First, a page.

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Many space and airborne sensors can provide imagery suitable for geographical intelligence (GEOINT). The volume of this data continues to grow, while analysts struggle with the volume, variety, and velocity of space-based data. A new intelligence project will demonstrate that GEOINT gleaned through data fusion is greater than the simple sum of GEOINT gleaned from several electro-optical sensor images analyzed in the absence of other imagery.
U.S. intelligence experts are asking industry to blend data from satellite-based multispectral imaging sensors and visible-light sensors to detect heavy building projects and highway construction from space. The aim is to develop tools and techniques for automated broad-area search to detect, monitor, and characterize the progression of natural or man-made events or activities using time-series spectral imagery from several space-based or airborne sensors. Examples include heavy construction; urban development; crop disease propagation; forest fires, flooding and mudslides; human migration, earthquakes, etc.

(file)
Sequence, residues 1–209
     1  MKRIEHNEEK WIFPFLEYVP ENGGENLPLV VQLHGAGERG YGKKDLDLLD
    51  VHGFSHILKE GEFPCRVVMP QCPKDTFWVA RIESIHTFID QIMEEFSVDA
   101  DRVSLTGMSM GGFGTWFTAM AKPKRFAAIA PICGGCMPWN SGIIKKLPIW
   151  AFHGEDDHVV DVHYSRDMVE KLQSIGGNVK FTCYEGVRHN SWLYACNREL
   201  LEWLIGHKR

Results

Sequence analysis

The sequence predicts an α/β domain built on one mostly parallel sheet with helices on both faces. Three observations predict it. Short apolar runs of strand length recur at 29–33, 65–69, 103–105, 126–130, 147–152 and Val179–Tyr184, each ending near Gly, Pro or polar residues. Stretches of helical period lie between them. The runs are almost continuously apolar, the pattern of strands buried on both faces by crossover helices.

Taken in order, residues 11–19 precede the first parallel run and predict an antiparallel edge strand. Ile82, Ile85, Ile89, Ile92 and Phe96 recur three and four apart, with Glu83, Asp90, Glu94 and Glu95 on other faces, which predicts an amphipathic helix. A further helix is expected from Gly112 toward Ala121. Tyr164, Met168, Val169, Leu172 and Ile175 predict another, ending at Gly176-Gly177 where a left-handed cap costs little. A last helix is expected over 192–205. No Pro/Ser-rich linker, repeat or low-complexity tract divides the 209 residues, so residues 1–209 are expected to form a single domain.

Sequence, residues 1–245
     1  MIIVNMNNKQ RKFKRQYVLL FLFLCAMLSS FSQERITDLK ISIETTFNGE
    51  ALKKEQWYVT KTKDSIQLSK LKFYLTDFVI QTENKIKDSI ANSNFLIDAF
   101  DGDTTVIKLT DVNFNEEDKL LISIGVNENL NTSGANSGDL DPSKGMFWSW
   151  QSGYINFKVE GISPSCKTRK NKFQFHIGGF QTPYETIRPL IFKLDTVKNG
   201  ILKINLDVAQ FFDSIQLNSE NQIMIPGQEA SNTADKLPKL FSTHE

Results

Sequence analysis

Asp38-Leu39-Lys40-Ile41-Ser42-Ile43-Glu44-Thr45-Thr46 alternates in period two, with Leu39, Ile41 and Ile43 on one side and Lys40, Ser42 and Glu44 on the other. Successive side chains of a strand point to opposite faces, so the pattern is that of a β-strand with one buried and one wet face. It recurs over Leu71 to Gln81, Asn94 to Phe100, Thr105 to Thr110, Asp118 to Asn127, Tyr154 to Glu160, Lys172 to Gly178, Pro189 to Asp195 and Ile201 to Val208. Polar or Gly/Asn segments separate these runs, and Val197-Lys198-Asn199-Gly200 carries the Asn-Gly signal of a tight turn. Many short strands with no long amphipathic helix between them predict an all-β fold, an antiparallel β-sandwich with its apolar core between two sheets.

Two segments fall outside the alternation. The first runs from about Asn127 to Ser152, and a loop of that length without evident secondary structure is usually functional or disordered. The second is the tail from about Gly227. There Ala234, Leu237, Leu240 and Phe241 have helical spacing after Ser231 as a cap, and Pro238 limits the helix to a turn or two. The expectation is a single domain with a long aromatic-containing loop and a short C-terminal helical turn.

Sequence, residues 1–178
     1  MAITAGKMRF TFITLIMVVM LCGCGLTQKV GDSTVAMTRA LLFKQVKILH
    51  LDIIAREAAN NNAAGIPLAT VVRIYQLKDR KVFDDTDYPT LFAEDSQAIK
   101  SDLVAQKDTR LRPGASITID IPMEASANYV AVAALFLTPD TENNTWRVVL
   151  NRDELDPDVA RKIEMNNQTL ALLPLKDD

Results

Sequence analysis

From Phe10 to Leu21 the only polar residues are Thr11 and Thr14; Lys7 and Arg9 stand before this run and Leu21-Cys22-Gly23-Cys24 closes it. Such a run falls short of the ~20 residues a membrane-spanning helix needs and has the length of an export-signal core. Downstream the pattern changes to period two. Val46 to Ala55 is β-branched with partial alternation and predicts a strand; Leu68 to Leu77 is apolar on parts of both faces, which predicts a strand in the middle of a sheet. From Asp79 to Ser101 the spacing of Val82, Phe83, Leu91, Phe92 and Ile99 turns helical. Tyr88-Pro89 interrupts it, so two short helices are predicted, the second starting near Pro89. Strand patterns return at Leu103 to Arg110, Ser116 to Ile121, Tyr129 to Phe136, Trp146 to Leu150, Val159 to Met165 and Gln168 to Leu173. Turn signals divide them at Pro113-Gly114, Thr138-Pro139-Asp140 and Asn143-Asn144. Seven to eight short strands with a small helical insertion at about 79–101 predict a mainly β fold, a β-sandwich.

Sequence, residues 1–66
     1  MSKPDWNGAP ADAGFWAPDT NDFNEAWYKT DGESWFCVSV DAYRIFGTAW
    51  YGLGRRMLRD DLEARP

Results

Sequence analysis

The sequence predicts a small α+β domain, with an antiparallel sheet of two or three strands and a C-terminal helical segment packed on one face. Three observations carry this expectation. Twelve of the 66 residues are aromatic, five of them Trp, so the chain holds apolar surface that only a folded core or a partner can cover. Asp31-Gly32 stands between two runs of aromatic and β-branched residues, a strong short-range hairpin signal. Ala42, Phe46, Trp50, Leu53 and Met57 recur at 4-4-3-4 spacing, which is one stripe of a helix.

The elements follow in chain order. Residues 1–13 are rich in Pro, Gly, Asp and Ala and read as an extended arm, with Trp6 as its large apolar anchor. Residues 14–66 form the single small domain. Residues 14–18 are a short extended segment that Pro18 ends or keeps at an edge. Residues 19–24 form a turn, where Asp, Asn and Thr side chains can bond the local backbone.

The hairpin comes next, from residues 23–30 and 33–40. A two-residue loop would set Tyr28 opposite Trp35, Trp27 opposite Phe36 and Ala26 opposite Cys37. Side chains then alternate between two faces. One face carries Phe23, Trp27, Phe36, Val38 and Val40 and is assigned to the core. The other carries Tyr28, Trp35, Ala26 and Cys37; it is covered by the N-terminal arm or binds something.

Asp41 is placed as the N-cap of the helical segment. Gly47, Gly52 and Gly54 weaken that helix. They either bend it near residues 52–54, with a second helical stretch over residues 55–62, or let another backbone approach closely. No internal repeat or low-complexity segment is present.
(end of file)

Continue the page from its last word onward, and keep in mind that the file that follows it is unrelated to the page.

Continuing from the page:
Officials of the U.S. Intelligence Advanced Projects Agency (IARPA) has released a broad-agency announcement for the Space-based Machine Automated Recognition Technique (SMART) project. The project has two technical areas: data fusion, and algorithms to detect and characterize natural and man-made events.
SMART will rely on geographical information from satellite cameras, and develop multi–spectral and multi–temporal sensor processing to overlay data from infrared and multispectral sensors to make the intelligence analyst’s job easier.
According to miliaryaerospace.com, the project aims at reducing uncertainties inherent in single-sensor data, and reducing the sheer amount of intelligence imagery data that can overwhelm intelligence analysts by developing tools to help analysts analyze intelligence imagery using Big Data.
While one sensor may have resolution sufficient to detect changes and man-made disturbances, intelligence experts still struggle with the inability to analyze images over time because of infrequent satellite orbits or weather cover.
By blending data from several different electro-optical sensors, IARPA experts want to improve the ability to detect and monitor man-made disturbances.
Applications range from geospatial intelligence, disaster recovery, and humanitarian aid, to automated assessment of land-use for commercial purposes.